I'm sure I've heard this idea somewhere before, or perhaps it's merely something which I intuitively suspected. But knowing something in theory is one thing - having Wiseman's practical & well-researched tips into how to put it into practise is another.

Anyway, Wiseman's wise words encouraged me to give it a go.
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Format: Paperback Verified Purchase
Okay. I'm a big fan of Richard Wiseman: I love his work and the way he approaches books and the self-help arena itself. However, I have been a little disappointed with this latest effort.

As previous reviewers have said, it basically is a document arguing for the effectiveness of William James's seminal theory that acting 'as if' will predicate those behaviours. So, to feel in love all you simply need to do is act 'as if' you're in love and let your body physiology and sub conscious do the rest.

Each chapter focuses on the application of this theory to different generic self-help type labels (eg love, depression, will etc) with plenty of practical exercises backed up by various evidence. While this is interesting for the first couple of chapters it pretty quickly becomes a bit formulaic and 'samey' - there are only a finite ways of describing how to act 'as if'. Furthermore the references are generally very old and don't really go into enough depth to back up the assertions - results are solely attributed to the success of the 'as if' formula when other variables could have also explained it.

I also found quite a lot of duplicity from 59 Seconds, although Wiseman himself admits this.

All in all I enjoyed the book and like the main premise that something so simple can be effective in changing someone's life but I don't think this is anything new or revolutionary. I'm still a great fan of Wiseman and his work - he's doing a great deal of good for the industry and this book is easy to read and even easier to apply. I applaud his humour and style of writing - you'll get through this book in a couple of hours.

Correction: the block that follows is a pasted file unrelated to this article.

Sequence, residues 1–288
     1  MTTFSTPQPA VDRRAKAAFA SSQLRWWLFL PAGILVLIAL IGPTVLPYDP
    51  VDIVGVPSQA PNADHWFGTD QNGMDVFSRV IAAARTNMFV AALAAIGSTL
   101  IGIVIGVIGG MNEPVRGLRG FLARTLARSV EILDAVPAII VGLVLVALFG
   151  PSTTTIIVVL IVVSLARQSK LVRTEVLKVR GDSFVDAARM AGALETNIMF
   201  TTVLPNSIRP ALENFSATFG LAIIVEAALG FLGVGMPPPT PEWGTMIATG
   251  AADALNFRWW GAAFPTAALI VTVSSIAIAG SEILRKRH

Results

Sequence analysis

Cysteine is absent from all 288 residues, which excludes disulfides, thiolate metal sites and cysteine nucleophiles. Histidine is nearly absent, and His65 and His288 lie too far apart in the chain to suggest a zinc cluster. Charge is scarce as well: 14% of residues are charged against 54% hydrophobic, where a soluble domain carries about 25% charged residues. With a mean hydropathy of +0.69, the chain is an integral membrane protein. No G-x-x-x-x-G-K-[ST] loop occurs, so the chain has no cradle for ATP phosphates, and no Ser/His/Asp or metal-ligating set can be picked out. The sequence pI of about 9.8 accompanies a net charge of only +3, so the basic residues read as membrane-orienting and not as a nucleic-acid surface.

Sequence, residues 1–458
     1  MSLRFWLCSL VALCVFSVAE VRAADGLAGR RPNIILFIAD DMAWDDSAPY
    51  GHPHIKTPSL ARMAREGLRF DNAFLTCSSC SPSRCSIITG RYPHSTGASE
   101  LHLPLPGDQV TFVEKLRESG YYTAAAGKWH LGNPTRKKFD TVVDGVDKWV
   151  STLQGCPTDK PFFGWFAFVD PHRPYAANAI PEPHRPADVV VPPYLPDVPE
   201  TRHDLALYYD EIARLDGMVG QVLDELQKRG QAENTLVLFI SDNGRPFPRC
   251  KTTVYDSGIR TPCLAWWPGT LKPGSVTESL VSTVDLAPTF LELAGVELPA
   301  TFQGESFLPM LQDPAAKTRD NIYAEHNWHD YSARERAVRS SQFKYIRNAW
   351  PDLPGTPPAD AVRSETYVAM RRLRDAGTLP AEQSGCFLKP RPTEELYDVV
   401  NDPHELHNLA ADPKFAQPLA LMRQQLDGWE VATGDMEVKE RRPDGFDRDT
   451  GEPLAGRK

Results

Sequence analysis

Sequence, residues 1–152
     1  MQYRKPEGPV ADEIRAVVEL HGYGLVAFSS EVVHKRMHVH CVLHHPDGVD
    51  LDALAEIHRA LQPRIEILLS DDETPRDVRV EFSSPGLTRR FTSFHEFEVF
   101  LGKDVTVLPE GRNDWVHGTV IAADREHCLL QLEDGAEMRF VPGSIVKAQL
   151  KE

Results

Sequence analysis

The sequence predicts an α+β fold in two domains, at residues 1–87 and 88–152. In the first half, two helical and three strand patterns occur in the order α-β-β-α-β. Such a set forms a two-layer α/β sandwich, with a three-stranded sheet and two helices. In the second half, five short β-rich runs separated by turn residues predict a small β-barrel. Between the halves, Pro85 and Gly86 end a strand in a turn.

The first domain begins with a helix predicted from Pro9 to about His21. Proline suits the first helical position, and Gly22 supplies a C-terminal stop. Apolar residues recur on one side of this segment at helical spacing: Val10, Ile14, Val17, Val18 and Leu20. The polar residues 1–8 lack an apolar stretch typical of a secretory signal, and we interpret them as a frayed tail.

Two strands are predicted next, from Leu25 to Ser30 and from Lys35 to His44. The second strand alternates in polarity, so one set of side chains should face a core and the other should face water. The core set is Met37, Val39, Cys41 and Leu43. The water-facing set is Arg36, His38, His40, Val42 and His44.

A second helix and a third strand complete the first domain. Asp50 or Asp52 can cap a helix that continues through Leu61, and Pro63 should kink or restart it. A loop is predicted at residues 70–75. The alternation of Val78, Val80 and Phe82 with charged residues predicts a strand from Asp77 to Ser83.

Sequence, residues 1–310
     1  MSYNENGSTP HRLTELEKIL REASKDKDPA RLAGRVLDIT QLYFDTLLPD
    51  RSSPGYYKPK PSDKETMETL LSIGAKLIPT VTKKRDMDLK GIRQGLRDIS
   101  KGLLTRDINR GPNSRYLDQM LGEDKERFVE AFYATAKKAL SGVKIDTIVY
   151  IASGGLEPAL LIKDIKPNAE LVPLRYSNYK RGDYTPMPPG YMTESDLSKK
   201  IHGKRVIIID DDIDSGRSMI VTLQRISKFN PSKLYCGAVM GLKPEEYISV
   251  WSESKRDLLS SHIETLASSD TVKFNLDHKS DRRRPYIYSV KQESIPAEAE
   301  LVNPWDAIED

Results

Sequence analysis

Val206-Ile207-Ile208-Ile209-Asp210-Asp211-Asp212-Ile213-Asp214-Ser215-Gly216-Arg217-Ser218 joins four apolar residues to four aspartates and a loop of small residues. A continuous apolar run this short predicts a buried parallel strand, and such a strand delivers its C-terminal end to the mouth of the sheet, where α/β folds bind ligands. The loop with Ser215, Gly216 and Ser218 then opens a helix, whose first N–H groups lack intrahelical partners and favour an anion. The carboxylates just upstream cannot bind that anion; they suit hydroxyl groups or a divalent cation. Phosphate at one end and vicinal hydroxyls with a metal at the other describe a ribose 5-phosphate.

If you're going to buy a self-help book then you could do a lot worse than this, but get it with 59 Seconds and read both.
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Format: Paperback
I found this book disappointing, as I felt as though I had read nearly all of it before in 59 Seconds. It seems to be like a very long addendum to that book, taking one of its ideas and stretching it over 250 pages.
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Format: Kindle Edition Verified Purchase
The greatest strength of this book is that the advice it contains is actually backed up with proper scientific studies and theories rather than just pseudo-scientific nonsense that is so prevalent in the self-help world. This is the primary reason I have awarded it 5 stars.

As another reviewer mentioned the main concept in the book is basically 'Fake it til you make it'. This is a concept many people have heard before but Wiseman expands on the idea and presents the scientific evidence. He calls it the 'As if' principle and ascribes it's discovery to the 19th Century psychologist William James. Traditionally in the self-help world the advice is to change your life by changing your thinking. Many gurus place a great deal of emphasis on affirmations and visualising yourself excelling in a certain area. Wiseman asserts that in reality it is extremely more effective to instead focus on your behaviour. For example if you want to be confident don't try any think your way confident but instead try to act confident - walk with long strides or make a fist. When you behave in this way you will quickly begin to feel confident.

He looks specifically at other areas such as procrastination, attraction and creativity.

I enjoyed the book. It's different from his previous '59 Seconds' in that it expands on one theory in particular. '59 Seconds' was more of a random collection of different ideas. I am already implementing some of the advice in this book and it presents plenty of food for thought on how to improve your life. It is definitely recommended reading for proactive people.